But the coolest gadgets of the eighties are pale compared to the toys that the 21st century kids have. Today’s teenagers don’t do cassette tapes. The portable music players have gone from magnetic tapes to digital files – mostly MP3s. One such player could hold (tens of) thousands of songs and the batteries last for almost a day.
But this miracle of modern technology brings with it an unexpected problem: music management. Nobody I know has a perfectly clean and tidy music collection. Most of their songs are not properly tagged: song titles, artist, genre, numbering, capitalization and so on.
Not because they don’t want to, but because tidying up thousands of song tags is not the kind of fun activity everybody has in mind. That’s why we need the help of music tagging utilities. Something like Tagr.
Start The Tagging With Tagr
If you have lots of songs with messy tags in your collection – like almost everybody else in this digital age – and you want to tag your music and put them in order without all the hassles, then Tagr might be the answer to your prayers.
After downloading and installing the latest version of the app (v. 3.1.1 at the time of writing), you can put it on duty right away.
The main window is divided into two parts: the tagging area on the left and the song list area on the right. Using Tagr to tag your music is as simple as dragging and dropping the songs onto the song list area and correct the tags via the tagging area. You can do the tagging manually or (almost) automatically, one song at a time or in bulk.
Please note that you can’t drag songs directly from the iTunes interface. However, you can select folders from within the iTunes Library in Finder.
I tried the app by dragging a folder of one music album to the app. A list of the songs instantly appeared in order in the right pane sorted by the song number, while on the left pane we had ready-to-edit fields of information which corresponded to the selected item(s) on the right.
You can edit the tags at the upper area of the tagging pane called “Attributes” or directly on the list by clicking on the text.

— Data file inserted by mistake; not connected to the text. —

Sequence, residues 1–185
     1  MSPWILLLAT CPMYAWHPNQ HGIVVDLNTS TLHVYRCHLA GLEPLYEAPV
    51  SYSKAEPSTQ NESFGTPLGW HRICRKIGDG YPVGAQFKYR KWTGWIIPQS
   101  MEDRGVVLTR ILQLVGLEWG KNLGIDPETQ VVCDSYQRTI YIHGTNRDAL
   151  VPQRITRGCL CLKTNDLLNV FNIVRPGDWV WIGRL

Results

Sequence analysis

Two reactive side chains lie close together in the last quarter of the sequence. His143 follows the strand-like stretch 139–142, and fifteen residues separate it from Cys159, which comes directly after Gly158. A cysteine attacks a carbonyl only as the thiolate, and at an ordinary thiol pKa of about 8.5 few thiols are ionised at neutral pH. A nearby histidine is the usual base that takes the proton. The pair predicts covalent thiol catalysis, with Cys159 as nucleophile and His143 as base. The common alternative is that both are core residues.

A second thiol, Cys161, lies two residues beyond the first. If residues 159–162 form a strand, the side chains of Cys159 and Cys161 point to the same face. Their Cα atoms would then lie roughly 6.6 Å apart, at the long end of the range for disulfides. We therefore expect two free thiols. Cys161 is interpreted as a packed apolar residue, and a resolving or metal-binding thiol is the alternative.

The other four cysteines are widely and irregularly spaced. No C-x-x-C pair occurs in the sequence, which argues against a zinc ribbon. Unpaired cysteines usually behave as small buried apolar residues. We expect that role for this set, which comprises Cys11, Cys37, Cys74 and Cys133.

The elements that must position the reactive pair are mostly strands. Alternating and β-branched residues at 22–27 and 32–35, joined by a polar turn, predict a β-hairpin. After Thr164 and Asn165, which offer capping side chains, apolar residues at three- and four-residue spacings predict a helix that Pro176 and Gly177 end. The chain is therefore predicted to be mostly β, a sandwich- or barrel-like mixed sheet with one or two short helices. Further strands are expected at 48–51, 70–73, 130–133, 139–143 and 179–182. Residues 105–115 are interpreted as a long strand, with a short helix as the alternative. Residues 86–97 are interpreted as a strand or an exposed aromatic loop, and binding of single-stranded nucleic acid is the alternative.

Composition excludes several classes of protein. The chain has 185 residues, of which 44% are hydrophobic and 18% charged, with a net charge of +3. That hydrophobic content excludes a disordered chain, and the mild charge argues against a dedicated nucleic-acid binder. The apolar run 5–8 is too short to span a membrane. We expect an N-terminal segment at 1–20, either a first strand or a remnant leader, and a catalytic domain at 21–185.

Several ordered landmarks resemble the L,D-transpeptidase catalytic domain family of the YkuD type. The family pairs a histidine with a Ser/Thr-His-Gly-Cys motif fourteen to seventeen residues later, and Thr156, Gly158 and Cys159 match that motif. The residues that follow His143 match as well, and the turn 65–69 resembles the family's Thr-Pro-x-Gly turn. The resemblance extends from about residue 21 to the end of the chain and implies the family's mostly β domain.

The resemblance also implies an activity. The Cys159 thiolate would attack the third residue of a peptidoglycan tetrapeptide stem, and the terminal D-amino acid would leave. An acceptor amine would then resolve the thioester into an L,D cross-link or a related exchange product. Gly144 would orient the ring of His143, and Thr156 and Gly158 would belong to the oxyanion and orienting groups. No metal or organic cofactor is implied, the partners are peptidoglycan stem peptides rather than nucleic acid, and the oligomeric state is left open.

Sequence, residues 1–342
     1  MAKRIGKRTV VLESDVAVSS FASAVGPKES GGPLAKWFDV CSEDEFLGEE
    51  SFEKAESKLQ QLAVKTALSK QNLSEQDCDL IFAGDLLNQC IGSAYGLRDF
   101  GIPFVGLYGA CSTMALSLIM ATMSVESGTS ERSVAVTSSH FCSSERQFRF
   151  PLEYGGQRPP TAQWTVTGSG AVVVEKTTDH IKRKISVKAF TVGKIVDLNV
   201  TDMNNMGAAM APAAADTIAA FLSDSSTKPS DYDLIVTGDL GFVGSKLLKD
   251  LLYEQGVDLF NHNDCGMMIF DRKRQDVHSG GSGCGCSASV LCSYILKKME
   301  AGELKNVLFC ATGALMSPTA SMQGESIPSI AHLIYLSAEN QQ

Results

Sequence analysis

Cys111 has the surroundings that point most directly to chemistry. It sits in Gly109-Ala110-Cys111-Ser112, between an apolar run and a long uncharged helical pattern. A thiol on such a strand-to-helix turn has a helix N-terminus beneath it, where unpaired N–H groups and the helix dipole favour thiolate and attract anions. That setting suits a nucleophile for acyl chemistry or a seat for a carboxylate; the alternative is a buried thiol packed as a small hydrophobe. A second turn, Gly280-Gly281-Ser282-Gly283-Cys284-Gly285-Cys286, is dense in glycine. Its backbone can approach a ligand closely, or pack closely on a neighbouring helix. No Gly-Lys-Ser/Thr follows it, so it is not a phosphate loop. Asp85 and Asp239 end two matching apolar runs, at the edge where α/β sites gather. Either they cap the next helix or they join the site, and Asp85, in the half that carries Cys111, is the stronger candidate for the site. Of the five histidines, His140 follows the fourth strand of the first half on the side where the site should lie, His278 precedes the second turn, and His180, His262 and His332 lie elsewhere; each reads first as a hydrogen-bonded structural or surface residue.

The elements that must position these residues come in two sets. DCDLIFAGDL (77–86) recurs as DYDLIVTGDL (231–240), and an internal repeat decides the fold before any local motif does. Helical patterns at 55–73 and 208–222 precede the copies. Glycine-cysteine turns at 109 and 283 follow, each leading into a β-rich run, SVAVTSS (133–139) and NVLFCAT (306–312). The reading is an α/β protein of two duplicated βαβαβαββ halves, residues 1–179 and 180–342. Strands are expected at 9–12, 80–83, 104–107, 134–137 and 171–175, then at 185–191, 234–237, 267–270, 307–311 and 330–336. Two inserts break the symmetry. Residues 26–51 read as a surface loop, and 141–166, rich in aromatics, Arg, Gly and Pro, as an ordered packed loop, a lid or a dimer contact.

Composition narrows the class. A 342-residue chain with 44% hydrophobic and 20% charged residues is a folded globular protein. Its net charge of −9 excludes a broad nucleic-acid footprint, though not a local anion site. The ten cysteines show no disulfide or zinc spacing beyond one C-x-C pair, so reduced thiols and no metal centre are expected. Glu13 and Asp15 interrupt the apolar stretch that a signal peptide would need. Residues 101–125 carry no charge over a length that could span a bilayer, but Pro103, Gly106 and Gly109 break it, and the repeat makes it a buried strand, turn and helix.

However, I was dying to try the “automatically search for song data” feature located at the bottom of the window. So I selected all the songs, and then clicked the “Search in Amazon” option from the pop-up menu.
This action opened up Amazon in my default browser using the artist and album as the search string.
Then I tried the “Search in Discogs“. This time, Tagr switched to a “Cover Flow”-like interface and showed me the results there. Depending on your internet connection, this process could take some time.
If you want to apply one (or more) of the results, just select the result and click the “Copy to Selection” button on the middle right.
Tools Of The Trade
Tagr provides its users with a set of tools to make the whole process easier.
The first is the “Numbering” tool. Select the songs and click on the icon, and you can append numbers to the songs based on your preferences.
The second is the “File Naming” tool. This is the tool to tidy up the file names of the original files.
Third is the “Capitalization” tool. This tool will help you fix this: “tiTLe oF THe SonGS” and turn it into this: “Title Of The Songs” (or all UPPERCASE or lowercase).
And to sum up, the “All in One” tools. Clicking this icon will apply all of the above tools at once, based on the settings you chose for each tool.
Catch The Cover Art
If you happen to have the digital cover art for the album, you can add the image by selecting the song and then dragging and dropping the picture to the “Artwork” area. The image will then be embedded to the file as part of the file so you won’t ever lose it.
Another cool thing about this embedding image thing is that you can add more than one picture to the file. You can just drag and drop another picture, or use the “plus” button. To delete a picture from the file(s), use the “minus” button.
Tagr will tell you how many images are there in the file(s). Use the left and right arrow buttons to browse through cover art. Embed the pictures to the songs by clicking the button on the right.
Rinse & Repeat
And when everything is set, click the “Save to Disk” icon at the top left of the window to keep your changes.
After that, all you have to do is rinse and repeat the process for other songs and other albums to tag all of your music. As you might have guessed by now, the process helps you the most when you go in bulk rather than individual files.
What method do you use to tidy up the tags of your music collection? Have you ever tried Tagr? Share your thoughts and opinions using the comments below.